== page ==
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  8. Hehe lots of things to say about this :) My first “business meeting” in SL was in late 2004, and I wondered about the dress code in a meeting. Since I wished to impress my future employees, and SL had absolutely no “business fashion” these days, I hired an Australian SL clothes designer to do an executive pinstripe suit for me. It looked like I picked correctly; the dress code on that meeting was mostly formal, and I got the job.

    Sure, back in 2004, there was no IBM or Dell or Microsoft in Second Life, so I wasn’t really going to get a US$3000/month salary; more like a L$ (Linden dollar) 3000/month, or 250 times less :) Still, it was my first contact with a “business meeting” inside SL. And it worked pretty well.

    Although everybody has a different experience, I guess I’m the unlucky one on things like conference calls or videoconferences — or even “business meetings”. Setting the first up has been increasingly easier — thanks to Skype or similar products — but apparently only for the tecchie-savvy. Bad luck always strikes me at the moment someone insists that I join a “conference” — either I have the wrong version, or the microphone doesn’t work, or the video quality is too low, or I’m picking up too much noise… in any case, I spend way more time in trying to fix the computer properly than to listen to the meeting. At the end, of course, I’ll just pick up the text-written notes and take it from there; for me, the “real discussion” using voice and video is pretty much pointless. Real work (in the service area) happens on the word processor or the spreadsheet; “meetings” are precious hours wasted in establishing social bondage, eye contact, reading body language, and whatever sociologists and anthropologists require us humans to do to establish “trust”, “reputation”, and all the invisible things required to “do business honestly”.

    My own professional reputation always relied on “getting the job done and delivering it for the specified cost”, so I’m a bit alien to all the things that go behind the scenes. In fact, in all companies I founded/worked with, one of the first things I do whenever there is enough money to hire them is getting someone charismatic, good-looking, and with a positive, radiating image to be the sales rep. Ideally these people should be self-confident and even slightly arrogant or daring, both in their figure, image, clothing, and their words. It also helps if they’re shrewd and clever :)

    The same obviously applies to conference calls — that’s the reason why corporations almost always hire people with calm, trusting, and lovely voices to pick up the phone. A good voice, a nice accent and pronuntiation, and excellent grammar and clearness of speech will go a long way to cause a good first impression. And I really don’t wish to fall back to the old stereotype of hiring blonde bombshells to handle the reception; I know the reason why it’s done, but it still disgusts me. In any case, it’s for the same reason: “a good first impression”.

    Well, now enter SL. All this nonsense — but a type of “nonsense” that makes sense for us as human beings — is simply shortcut. Everybody can be beautiful, dress nicely, and write eloquently (even if you type slowly with a spell-checker — people will be multitasking anyway). During a meeting in SL, you can actually be not only in touch with your colleagues and suppliers at the same time — so no time is wasted there — but you can effectively work immediately on a proposal/document/analysis/report or whatever the purpose of the meeting actually is. “Meetings” tend to become more a collaborative environment where both customer and provider work almost simultaneously on a final document (more so, if the meting transcripts — the chat log — is included).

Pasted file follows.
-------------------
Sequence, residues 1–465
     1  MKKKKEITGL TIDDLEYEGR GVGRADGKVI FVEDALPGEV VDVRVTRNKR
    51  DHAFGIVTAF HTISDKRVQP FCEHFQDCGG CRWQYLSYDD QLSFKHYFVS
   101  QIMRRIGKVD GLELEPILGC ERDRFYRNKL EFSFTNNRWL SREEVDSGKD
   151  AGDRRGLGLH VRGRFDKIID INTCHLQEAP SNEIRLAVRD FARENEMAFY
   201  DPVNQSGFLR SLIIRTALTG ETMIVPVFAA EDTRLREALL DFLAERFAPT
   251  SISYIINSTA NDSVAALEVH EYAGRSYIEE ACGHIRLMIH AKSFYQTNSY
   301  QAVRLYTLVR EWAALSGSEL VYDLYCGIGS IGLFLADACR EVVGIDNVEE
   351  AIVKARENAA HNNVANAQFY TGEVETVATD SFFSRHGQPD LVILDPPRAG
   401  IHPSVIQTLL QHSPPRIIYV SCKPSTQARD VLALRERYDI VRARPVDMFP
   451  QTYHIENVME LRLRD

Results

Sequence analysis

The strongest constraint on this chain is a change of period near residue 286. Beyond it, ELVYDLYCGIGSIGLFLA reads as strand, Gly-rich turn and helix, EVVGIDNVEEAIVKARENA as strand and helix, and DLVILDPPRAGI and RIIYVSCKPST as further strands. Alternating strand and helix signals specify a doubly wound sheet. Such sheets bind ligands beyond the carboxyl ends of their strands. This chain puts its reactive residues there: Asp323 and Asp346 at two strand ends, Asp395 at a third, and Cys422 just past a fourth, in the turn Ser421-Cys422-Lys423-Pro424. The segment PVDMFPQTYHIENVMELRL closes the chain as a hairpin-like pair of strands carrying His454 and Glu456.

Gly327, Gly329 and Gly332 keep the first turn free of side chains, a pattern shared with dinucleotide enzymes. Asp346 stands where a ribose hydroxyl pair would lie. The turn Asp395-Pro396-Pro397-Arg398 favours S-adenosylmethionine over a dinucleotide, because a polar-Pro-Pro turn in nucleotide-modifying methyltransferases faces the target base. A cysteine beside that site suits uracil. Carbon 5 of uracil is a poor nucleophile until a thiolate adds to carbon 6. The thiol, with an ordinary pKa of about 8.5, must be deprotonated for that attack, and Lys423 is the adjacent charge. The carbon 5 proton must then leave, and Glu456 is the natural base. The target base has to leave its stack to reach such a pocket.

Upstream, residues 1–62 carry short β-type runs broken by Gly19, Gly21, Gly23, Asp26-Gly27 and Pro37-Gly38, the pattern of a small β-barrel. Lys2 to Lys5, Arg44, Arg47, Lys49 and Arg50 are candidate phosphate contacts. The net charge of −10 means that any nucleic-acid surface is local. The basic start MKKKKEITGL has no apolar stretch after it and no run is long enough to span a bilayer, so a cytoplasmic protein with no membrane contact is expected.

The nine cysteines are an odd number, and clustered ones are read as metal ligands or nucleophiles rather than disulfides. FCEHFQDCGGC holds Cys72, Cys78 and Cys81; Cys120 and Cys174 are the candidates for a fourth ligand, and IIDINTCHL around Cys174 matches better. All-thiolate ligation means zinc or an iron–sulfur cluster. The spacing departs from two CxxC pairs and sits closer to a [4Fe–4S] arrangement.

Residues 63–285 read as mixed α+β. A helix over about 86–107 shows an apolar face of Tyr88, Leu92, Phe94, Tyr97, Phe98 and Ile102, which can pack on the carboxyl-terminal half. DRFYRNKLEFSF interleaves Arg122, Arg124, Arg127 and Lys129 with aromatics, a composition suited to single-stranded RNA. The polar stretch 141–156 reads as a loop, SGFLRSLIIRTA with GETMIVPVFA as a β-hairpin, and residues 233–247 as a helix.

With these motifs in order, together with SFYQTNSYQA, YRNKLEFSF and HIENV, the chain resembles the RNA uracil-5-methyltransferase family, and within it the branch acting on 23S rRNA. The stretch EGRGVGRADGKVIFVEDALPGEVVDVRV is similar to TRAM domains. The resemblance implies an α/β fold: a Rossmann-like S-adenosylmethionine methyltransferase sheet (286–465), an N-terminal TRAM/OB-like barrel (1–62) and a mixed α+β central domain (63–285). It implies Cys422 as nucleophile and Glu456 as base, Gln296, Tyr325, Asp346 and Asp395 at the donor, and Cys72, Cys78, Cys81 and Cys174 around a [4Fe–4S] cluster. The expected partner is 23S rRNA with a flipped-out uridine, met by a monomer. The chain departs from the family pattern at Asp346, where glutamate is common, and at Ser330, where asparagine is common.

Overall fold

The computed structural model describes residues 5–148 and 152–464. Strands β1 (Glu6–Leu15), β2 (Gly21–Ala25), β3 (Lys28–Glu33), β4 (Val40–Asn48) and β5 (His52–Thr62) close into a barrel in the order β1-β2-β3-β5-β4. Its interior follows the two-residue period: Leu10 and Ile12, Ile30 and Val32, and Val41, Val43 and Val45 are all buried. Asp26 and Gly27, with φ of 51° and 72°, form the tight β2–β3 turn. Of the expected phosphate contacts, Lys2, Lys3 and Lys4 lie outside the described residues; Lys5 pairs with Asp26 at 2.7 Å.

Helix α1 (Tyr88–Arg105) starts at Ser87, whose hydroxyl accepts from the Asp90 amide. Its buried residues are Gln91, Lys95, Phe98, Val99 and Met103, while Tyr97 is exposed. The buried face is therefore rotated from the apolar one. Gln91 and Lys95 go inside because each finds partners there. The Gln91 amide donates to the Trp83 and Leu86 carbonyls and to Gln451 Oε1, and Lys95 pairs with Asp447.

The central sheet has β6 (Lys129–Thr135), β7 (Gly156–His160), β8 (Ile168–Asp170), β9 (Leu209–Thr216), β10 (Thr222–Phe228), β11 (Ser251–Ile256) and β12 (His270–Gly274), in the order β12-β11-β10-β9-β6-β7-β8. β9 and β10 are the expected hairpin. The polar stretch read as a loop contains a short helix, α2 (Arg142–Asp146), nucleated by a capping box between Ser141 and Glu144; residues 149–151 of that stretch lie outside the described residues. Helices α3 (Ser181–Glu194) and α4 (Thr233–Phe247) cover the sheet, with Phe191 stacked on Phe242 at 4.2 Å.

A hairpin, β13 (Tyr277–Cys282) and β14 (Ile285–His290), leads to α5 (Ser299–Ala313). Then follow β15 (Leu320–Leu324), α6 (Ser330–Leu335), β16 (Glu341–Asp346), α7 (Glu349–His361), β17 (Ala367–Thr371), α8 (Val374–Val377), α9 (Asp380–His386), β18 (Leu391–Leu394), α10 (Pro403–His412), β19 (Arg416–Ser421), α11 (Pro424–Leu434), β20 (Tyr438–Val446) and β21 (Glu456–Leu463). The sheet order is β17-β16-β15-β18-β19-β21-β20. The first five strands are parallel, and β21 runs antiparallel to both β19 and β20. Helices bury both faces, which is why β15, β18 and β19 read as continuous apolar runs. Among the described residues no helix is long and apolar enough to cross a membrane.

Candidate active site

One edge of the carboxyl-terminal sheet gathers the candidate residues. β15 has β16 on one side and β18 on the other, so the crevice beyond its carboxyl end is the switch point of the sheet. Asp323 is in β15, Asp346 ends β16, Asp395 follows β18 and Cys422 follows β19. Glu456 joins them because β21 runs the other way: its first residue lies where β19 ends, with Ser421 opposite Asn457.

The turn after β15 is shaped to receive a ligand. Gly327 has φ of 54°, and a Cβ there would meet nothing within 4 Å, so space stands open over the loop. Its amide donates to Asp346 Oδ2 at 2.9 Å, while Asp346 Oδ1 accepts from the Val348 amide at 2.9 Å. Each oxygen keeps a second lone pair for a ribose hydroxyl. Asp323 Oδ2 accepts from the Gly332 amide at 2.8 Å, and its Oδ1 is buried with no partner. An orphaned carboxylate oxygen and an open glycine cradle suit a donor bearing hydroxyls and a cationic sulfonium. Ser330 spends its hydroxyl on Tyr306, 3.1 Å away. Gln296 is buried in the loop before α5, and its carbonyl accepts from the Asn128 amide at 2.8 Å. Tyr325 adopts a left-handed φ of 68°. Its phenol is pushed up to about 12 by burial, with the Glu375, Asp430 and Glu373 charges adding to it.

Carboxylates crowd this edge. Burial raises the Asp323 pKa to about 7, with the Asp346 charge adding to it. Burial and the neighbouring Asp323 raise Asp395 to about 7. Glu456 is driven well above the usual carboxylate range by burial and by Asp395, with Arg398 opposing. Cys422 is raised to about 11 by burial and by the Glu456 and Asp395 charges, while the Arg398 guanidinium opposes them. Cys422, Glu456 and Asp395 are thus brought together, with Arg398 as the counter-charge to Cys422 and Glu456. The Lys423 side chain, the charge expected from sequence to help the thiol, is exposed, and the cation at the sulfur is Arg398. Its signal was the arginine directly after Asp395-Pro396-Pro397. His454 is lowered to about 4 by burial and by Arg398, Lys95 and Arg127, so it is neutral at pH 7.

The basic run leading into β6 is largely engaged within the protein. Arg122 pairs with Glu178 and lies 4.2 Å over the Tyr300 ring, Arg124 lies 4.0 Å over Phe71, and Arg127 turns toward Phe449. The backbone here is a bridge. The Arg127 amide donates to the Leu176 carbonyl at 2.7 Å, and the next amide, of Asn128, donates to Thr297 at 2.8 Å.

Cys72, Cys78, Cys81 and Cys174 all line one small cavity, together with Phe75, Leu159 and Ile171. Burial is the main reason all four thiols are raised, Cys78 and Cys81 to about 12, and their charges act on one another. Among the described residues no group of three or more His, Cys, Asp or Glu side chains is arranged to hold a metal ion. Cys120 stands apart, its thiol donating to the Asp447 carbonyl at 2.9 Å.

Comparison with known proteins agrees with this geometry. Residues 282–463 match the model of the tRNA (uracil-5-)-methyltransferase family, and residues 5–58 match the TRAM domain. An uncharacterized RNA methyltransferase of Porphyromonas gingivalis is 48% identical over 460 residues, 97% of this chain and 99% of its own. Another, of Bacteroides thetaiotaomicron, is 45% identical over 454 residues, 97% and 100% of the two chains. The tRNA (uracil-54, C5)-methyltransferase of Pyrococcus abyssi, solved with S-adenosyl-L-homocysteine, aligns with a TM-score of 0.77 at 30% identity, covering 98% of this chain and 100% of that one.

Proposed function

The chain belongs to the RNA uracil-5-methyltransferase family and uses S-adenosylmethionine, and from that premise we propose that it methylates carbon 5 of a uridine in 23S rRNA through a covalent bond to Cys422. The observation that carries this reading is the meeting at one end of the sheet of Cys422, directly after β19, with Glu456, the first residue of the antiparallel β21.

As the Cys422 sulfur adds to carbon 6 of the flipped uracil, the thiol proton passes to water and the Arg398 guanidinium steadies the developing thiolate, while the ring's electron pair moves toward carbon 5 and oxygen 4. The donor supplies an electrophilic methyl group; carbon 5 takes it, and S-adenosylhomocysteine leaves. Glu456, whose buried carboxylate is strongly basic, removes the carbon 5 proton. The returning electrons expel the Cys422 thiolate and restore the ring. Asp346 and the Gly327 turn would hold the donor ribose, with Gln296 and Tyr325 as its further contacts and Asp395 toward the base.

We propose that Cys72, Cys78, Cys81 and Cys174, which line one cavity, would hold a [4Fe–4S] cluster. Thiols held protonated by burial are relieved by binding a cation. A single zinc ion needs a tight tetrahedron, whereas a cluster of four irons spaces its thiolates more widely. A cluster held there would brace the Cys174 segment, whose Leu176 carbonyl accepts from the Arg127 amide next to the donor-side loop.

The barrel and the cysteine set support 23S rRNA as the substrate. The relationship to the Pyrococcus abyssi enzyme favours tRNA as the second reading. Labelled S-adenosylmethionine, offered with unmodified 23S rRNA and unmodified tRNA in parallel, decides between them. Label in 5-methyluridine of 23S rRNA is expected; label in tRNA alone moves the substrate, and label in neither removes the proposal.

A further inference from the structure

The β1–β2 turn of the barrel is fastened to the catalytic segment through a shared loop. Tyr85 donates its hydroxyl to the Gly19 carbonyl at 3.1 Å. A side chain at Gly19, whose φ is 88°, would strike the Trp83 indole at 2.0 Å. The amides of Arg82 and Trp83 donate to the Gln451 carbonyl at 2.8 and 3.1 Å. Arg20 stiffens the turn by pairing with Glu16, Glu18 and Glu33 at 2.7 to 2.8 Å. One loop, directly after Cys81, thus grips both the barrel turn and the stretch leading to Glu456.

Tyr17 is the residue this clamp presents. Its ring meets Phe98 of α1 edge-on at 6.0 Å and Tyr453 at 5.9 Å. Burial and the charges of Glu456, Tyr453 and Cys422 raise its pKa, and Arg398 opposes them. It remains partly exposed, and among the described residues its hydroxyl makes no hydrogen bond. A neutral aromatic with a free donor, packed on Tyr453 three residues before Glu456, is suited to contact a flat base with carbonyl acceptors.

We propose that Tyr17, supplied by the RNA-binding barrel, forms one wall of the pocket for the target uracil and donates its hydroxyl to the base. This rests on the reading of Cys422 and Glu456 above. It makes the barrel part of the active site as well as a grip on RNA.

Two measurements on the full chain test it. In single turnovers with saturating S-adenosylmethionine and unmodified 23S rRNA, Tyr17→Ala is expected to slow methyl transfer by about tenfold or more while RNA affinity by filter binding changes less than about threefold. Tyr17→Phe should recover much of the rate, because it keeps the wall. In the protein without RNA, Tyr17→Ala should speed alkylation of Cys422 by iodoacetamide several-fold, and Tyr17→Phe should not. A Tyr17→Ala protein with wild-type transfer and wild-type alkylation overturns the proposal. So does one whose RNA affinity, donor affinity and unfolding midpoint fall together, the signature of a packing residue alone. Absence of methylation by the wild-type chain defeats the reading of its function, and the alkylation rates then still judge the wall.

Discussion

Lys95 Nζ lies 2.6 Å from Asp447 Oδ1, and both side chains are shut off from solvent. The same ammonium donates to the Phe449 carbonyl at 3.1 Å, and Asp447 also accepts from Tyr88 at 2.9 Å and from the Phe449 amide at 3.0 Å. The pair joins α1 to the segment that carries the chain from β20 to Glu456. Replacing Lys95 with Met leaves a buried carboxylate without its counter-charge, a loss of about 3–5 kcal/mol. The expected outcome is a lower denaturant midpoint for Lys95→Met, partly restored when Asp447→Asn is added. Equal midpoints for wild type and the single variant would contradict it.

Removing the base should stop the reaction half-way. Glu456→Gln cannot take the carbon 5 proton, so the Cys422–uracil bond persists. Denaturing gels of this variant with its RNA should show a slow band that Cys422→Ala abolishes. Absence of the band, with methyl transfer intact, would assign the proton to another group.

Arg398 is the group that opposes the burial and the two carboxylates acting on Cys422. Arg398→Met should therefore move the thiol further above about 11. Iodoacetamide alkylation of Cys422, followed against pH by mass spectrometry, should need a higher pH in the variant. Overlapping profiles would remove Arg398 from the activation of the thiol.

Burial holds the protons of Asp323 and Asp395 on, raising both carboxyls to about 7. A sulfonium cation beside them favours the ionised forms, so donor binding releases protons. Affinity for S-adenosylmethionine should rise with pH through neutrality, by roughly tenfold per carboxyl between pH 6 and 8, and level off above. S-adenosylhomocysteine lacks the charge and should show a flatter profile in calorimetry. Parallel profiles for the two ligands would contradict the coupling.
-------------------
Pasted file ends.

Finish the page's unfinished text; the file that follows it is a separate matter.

Naturally, this only works for the service industry. There is still some impossibility in selling groceries through a virtual world, or getting your hair cut :) Although for those areas videoconferencing is also not very useful…

    The issue if in the future the “informal” meeting space in things like Second Life will be used or not is much more a question of “management fashion” than anything else. These days, 5,000 IBM employees use SL as a meeting & collaborative space every day. It’s “corporate policy” to use it instead of “in-the-flesh” meetings or any other sort of fancy voice/video teleconferencing with much higher costs. IBM might be a pioneer, but they’re definitely not the only one. Still, in a world that has perhaps one billion employees in the service industry, what “a few dozens of thousands” are doing right now does not set a “fashion” or a “trend”. Even the ubiquitous mobile phone took a few years to be integrated into corporate culture — or email. But watch out for 2010, when “dozens of millions” of corporate workers will be indeed using SL or its successor as an alternative business tool for communication and collaboration. We might talk of a “trend” then, and Bill Gates will write another book on it :)

    Right now, in 2007, it’s the phase of the “early adopters” — shunned, laughed at, ignored, or grossly underestimated. But early adopters are used to it; they were the ones laughed at when they dragged 30 pounds of “mobile” phones to meetings, or typed their proposals on WordStar and Lotus 1-2-3 instead of using a typewriter and a pocket calculator.

    I can’t wait until my present of today becomes the future of the rest of the world :)

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  9. [...] A company called Unisfair has launched to help real business run virtual tradeshows and corporate events for fortune 500 companies [...]

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  10. [...] GigaOM discusses Second Life trade shows and asks “Should my catwoman avatar wear a business suit at the virtual interview with Microsoft?”. Big business is taking to Second Life like a duck to water – and as virtual business moves towards the top of the adoption curve, I predict that there will be fewer “this is cool” buzz posts and more “this is how we do it around here” information. [...]